Posted: Friday, 24 May 2019 @ 16:19
Gimmicks are a big part of marketing and advertising, but are we sacrificing genuine sentiment for catchphrases and cartoons?
Advertising is a powerful tool. It’s important. It’s part of what helps an economy thrive. It’s how you know where to find a particular product or service when you need it. You want to keep your house clean? Buy a Hoover. You want a new computer? Get a Mac. You want to keep fit? Just Do It.
Last week it was Valentine’s Day, and few dates in the calendar lend themselves to gimmicks and catchphrases as seamlessly as this. Don’t get us wrong - we’d never say no to a box of Cadbury’s Roses, we’re certainly partial to a cuddly bear or two and we definitely think that the size of the card is in direct proportion to the feelings of the giver. Valentine’s Day and all the commercial joy that comes with it is a fun, vibrant, pink and fluffy occasion that’s perfectly timed to keep us entertained and commercially engaged between Christmas and spring. Nothing wrong with that.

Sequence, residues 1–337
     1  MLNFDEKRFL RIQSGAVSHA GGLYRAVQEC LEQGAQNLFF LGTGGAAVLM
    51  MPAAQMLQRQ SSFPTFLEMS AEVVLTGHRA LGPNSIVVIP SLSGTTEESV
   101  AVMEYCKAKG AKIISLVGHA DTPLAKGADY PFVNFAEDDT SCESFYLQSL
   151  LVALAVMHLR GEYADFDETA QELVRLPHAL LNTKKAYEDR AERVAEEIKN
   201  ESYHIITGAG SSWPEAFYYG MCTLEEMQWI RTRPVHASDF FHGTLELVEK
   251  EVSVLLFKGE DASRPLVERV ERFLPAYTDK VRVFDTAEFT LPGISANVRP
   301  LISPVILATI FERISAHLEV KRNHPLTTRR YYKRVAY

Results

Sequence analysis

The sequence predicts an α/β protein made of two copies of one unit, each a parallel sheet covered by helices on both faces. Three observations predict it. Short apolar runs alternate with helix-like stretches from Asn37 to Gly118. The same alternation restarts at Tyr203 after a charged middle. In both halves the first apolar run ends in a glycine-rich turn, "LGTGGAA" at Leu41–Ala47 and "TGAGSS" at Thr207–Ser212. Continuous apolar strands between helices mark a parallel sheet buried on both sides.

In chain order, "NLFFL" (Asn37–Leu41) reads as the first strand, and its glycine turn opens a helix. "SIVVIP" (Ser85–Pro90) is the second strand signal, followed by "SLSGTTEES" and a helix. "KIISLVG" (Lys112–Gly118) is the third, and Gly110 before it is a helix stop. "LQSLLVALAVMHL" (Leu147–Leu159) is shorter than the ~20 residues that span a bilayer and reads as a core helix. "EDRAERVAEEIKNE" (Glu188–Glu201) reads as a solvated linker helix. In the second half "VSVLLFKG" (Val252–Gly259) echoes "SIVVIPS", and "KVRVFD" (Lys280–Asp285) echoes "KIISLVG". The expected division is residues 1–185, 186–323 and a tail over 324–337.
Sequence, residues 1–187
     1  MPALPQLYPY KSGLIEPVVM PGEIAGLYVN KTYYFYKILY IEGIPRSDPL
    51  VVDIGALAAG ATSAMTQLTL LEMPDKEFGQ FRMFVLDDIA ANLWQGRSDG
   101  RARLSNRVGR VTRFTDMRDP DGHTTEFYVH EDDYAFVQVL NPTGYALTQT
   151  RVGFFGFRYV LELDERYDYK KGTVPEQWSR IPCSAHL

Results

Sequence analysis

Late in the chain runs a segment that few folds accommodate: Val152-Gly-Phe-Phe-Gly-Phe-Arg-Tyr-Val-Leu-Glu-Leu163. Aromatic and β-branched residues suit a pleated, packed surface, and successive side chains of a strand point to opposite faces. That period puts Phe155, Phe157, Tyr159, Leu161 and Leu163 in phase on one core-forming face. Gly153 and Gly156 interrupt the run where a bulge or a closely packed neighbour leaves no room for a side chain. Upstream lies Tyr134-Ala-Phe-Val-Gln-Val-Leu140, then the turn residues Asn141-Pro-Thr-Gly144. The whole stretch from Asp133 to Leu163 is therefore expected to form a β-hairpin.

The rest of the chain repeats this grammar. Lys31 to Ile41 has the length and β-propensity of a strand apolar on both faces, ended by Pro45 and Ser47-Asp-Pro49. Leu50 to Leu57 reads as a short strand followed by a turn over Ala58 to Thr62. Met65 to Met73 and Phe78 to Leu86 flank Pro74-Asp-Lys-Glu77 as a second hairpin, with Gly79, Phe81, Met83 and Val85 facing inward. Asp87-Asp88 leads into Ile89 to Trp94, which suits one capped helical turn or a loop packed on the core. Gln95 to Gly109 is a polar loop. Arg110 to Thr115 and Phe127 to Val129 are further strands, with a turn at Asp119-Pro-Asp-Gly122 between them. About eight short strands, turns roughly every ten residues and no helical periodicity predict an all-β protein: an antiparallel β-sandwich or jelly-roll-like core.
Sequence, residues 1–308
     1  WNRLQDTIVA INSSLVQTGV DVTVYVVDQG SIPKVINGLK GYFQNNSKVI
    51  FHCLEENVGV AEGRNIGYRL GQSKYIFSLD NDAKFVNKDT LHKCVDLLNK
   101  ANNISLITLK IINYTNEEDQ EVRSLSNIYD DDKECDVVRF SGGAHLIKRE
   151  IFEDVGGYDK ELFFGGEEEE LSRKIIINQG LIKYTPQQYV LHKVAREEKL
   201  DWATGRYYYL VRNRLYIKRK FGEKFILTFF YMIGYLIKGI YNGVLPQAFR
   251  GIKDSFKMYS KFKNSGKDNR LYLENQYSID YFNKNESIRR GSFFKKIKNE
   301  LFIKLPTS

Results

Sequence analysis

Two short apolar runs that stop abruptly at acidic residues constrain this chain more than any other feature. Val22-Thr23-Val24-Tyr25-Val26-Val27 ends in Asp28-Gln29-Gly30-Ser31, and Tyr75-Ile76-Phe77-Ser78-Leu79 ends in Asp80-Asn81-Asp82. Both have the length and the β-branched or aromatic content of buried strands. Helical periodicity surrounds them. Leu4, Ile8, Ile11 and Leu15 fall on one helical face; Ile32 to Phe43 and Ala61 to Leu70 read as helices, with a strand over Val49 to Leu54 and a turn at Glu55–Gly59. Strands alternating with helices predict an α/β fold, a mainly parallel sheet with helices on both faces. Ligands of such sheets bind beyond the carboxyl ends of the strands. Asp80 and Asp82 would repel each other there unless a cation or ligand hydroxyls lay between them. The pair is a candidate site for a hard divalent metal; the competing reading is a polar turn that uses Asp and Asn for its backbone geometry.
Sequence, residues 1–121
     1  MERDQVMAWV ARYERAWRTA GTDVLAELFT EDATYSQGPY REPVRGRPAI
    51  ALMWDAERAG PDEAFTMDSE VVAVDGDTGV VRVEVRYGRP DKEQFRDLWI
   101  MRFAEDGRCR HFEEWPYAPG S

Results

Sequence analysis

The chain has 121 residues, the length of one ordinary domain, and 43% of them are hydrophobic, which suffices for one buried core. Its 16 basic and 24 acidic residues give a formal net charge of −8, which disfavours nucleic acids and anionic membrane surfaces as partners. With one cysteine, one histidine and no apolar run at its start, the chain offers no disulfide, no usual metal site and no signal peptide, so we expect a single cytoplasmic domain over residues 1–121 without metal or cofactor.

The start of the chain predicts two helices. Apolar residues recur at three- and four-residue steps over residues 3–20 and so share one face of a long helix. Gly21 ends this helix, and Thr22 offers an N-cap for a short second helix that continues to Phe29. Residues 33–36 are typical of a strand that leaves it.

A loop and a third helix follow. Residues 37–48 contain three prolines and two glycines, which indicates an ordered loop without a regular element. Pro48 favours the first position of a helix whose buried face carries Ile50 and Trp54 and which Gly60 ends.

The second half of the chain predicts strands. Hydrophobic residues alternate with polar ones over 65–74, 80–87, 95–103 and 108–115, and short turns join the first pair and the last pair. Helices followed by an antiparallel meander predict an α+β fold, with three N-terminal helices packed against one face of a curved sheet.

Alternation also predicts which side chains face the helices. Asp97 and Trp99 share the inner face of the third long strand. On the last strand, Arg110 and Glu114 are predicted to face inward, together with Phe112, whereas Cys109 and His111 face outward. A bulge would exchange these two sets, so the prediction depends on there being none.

The problem comes when we confuse the pink fluff with the really meaningful stuff. It’s a bit like when we think that the people on the front of magazine actually look like that. Of course it’s possible to have both genuine affection and pink fluff - that’s all part of it, but Valentine’s Day itself is life’s Champagne dinners over home made chicken soup when you’re ill. The big bunch of flowers to doing the vacuum cleaning without having to be asked.
In finance gimmicks are pretty carefully regulated. A couple of years ago a major bank had issues with their credit card advert complete with cartoon dogs and canon fire. We are beholden to rules by both the Financial Conduct Authority and the ASA, including those that adhere to social responsibility.
We’re not really talking about rules and regulations however, we’re talking about meaning. The point is that it’s very easy to be swept off your feet by the hearts, the flowers, the big cards, the teddy bears, and as with all treats and gifts, those are lovely, joyous things to have. But we should never confuse the gloss with the reality. Or in the case of products and services, we shouldn’t be so blindsided by the cartoons and catchphrases that we forget about the real integrity and substance behind a brand.
We all like Champagne dinners, but the truly meaningful things, the commitment, is usually a little less flashy, a little less showy. It’s quieter, it’s more sustainable. Anyone can be romantic on Valentine's Day but to be truly romantic you've got to be invested.